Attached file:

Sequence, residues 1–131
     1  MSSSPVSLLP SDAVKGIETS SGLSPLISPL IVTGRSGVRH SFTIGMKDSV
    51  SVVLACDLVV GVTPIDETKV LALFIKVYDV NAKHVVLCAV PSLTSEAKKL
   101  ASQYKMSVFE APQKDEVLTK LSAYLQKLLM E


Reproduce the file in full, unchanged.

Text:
Sequence, residues 1–131
     1  MSSSPVSLLP SDAVKGIETS SGLSPLISPL IVTGRSGVRH SFTIGMKDSV
    51  SVVLACDLVV GVTPIDETKV LALFIKVYDV NAKHVVLCAV PSLTSEAKKL
   101  ASQYKMSVFE APQKDEVLTK LSAYLQKLLM E